“ Achilles, loved of Jove, thou biddest me Explain the wrath of Phæbus, monarch-god, Who sends afar his arrows. Willingly Will I make known the cause: but covenant thou, And swear to stand prepared, by word and hand, To bring me succor; for my mind misgives That he who rules the Argives, and to whom The Achaian race are subject, will be wroth. A sovereign is too strong for humbler men ; And, though he keep his choler down a while, It rankles, till he sate it, in his heart. And now consider: wilt thou hold me safe?”
Achilles, the swift-footed, answered thus :“ Fear nothing, but speak boldly out whate'er Thou knowest, and declare the will of Heaven; For by Apollo, dear to Jove, whom thou, Calchas, dost pray to when thou givest forth The sacred oracles to men of Greece, No man, while yet I live, and see the light Of day, shall lay a violent hand on thee Among our roomy ships ; no man of all The Grecian armies, though thou name the name Of Agamemnon, whose high boast it is To stand in power and rank above them all."
Encouraged thus, the blameless seer went on :-
“ 'Tis not neglected vows or hecatombs
That move him, but the insult shown his priest,
Whom Agamemnon spurned when he refused
To set his daughter free, and to receive
Therefore sends the archer-gol
These woes upon us, and will send them still,
Nor ever will withdraw his heavy hand
From our destruction, till the dark-eyed maid,
Freely, and without ransom, be restored
To her beloved father, and with her
A sacred hecatomb to Chrysa sent:
So may we haply pacify the god."
Thus having said, the augur took his seat.
And then the hero-son of Atreus rose,
Wide-ruling Agamemnon, — greatly chafed.
His gloomy heart was full of wrath ; his eyes
Sparkled like fire. He fixed a menacing look
Full on the augur Calchas, and began :
“ Prophet of evil, never hadst thou yet
A cheerful word for me. To mark the signs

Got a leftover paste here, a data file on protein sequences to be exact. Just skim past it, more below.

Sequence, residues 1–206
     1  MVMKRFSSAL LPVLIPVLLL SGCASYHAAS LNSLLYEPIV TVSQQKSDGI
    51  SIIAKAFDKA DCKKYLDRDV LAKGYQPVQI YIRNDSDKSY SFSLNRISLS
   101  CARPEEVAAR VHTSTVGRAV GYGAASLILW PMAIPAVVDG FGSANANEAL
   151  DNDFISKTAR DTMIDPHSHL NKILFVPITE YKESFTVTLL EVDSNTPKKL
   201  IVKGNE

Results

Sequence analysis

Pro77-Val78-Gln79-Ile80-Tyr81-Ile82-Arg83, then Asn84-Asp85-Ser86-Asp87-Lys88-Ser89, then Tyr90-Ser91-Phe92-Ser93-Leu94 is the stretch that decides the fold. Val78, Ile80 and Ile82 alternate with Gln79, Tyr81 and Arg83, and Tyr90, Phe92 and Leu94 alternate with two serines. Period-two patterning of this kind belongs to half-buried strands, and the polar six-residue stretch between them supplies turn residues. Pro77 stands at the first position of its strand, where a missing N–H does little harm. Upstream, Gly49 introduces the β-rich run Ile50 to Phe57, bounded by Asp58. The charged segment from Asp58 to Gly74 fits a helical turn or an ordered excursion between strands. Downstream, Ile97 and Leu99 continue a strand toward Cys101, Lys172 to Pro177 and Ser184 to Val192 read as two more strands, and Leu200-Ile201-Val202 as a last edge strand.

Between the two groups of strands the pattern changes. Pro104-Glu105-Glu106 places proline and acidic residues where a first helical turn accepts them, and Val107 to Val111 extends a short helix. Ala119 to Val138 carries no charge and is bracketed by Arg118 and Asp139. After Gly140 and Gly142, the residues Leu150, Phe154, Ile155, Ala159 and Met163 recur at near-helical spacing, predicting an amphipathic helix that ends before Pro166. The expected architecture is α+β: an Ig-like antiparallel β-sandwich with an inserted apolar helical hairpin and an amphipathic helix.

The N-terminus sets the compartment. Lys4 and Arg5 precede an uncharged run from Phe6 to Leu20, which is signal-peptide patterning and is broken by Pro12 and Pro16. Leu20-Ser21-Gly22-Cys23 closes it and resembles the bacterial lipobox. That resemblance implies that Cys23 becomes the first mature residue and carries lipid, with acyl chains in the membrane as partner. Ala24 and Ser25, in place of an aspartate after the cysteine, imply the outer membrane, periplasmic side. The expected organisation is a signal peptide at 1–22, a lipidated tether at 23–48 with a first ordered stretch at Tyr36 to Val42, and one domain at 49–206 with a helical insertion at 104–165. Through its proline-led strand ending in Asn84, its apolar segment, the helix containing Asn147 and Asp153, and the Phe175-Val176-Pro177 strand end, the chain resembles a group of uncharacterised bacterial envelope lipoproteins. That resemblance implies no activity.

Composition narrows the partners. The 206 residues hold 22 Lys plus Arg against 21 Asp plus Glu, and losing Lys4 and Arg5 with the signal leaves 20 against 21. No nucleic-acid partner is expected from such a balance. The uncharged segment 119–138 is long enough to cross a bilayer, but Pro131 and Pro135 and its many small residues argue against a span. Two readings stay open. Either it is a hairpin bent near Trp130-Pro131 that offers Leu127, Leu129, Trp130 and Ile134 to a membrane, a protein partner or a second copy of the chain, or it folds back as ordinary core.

Of coming mischief is thy great delight.
Good dost thou ne'er foretell, nor bring to pass.
And now thou pratest, in thine auguries
Before the Greeks, how that the archer-god
Afflicts us thus because I would not take
The costly ransom offered to redeem
The virgin-child of Chryses. 'Twas my choice
To keep her with me; for I prize her more
Than Clytemnestra, bride of my young years,
And deem her not less nobly graced than she,
In form and feature, mind, and pleasing arts.
Yet will I give her back if that be best ;
For gladly would I see my people saved
From this destruction. Let meet recompense,
Meantime, be ready, that I be not left
Alone of all the Greeks without my prize :
That were not seemly. All of you perceive
That now my share of spoil has passed from me.”
To him the great Achilles, swift of foot,
Replied, “ Renowned Atrides, greediest
Of men, where wilt thou that our noble Greeks
Find other spoil for thee, since none is set
Apart, a common store ? The trophies brought
From towns which we have sacked have all been shared
Among us; and we could not without shame
Bid every warrior bring his portion back.
Yield, then, the maiden to the god, and we,
The Achaians, freely will appoint for thee
Threefold and fourfold recompense when Jove
Gives up to sack this well-defended Troy."
Then the king Agamemnon answered thus : “ Nay, use no craft, all valiant as thou art, Godlike Achilles : thou hast not the power To circumvent nor to persuade me thus. Think'st thou, that, while thou keepest safe thy prize, I shall sit idly down, deprived of mine ? Thou bid’st me give the maiden back. "Tis well